Even though a large section of market participants and experts have cheered the Budget 2015-16 as reform oriented and as one which provides a thrust to reviving the investment cycle, the Sensex movements over the past two trading sessions have not reflected that enthusiasm in any way.
The market’s reaction so far has been a sharp contrast to the responses that defining Budgets have received in the past. While Sensex rose by almost 7 per cent in the two days after Manmohan Singh’s (the then finance minister) 1991 Budget, when he announced a flurry of reforms including abolition of industrial licensing, opening up of foreign direct investment etc, they rose by about 25 per cent over two days following his next Budget in 1992.
Even in 1997 when P Chidambaram announced the end of deficit financing along with managerial and commercial autonomy for public sector undertakings, the markets surged by almost 13 per cent over the next two-day period.
Arun Jaitley’s Budget announcements on Saturday failed to generate similar reactions in terms of a rise in stock markets. In the past two trading sessions, the Sensex has gained a meagre 238.9 points or 0.8 per cent amidst strong volatility.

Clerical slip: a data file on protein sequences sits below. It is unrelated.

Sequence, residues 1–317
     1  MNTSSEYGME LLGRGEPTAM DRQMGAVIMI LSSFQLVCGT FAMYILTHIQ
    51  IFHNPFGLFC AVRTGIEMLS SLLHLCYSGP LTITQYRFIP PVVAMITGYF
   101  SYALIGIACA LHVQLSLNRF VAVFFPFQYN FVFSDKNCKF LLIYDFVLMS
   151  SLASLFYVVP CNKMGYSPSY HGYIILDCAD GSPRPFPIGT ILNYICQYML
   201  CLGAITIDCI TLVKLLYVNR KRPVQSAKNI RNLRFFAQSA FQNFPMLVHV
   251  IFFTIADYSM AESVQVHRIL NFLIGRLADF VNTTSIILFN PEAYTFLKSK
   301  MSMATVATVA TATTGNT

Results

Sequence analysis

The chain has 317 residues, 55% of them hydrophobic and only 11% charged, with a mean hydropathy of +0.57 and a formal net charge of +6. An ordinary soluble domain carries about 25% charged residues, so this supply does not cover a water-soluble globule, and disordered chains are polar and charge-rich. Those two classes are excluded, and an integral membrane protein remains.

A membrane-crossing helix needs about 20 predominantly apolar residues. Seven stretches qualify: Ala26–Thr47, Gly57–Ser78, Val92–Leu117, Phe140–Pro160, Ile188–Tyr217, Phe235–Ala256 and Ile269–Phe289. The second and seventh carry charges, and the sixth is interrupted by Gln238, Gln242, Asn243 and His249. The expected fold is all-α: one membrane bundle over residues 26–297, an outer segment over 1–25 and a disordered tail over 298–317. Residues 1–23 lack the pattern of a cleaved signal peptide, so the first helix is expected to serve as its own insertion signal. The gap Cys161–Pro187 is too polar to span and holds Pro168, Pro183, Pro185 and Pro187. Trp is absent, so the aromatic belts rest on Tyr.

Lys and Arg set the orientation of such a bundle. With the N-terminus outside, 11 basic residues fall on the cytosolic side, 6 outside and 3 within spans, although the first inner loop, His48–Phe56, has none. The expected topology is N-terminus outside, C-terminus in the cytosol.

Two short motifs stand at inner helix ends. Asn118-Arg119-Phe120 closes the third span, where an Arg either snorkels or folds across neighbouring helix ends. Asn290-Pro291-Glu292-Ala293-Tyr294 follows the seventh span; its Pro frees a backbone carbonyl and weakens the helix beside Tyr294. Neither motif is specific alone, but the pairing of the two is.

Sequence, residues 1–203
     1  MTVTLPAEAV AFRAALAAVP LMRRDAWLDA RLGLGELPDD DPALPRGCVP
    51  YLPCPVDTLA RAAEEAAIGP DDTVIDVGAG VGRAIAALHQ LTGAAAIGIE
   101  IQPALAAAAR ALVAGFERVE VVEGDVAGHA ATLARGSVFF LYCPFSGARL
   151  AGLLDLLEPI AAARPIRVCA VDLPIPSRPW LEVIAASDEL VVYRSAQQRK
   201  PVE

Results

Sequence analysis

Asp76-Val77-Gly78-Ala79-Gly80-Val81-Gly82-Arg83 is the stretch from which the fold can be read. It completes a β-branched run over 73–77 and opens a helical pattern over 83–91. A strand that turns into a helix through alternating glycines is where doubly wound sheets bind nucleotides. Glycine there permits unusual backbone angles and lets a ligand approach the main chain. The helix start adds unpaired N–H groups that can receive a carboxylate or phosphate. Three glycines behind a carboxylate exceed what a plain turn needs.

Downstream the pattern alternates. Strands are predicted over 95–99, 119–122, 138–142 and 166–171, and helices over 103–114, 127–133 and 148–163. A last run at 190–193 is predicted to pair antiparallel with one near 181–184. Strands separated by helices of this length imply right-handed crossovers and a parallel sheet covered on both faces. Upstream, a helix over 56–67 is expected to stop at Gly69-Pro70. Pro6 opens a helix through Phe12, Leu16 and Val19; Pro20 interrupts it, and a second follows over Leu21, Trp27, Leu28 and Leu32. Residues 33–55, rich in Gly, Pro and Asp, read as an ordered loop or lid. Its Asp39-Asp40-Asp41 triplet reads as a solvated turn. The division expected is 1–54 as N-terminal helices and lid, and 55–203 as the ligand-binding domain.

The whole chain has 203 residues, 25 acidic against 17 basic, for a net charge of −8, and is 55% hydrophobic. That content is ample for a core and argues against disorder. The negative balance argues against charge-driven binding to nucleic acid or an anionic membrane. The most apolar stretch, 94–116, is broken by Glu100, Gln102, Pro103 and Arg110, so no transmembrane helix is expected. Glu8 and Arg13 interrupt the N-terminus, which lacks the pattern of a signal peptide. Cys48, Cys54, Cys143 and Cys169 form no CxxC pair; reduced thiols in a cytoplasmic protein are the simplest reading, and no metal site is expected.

Market experts point that the muted response has been on account of their expectations for actions that resulted in short-term benefits.
“Government is playing the game for a test victory while the market probably expected a T20 spectacle,” said Nilesh Shah, EO, Kotak Mahindra AMC. He added, “The policy framework is being redesigned to transit India from command economy to co-operative federalism; from job seeker to job creator.”
Post Budget, the pressure came from DIIs as they sold equities worth Rs 740 crore. They, however, turned positive on Monday and invested about Rs 180 crore. FIIs too invested about Rs 424 crore.
The benchmark Sensex gained 97.64 points to end at 29,459.14 on Monday as capital goods, banking and power indices provided support. The capital goods index rose by 3.6 per cent followed by gains of 1.8 per cent and 1.5 per cent by banking and power indices, respectively.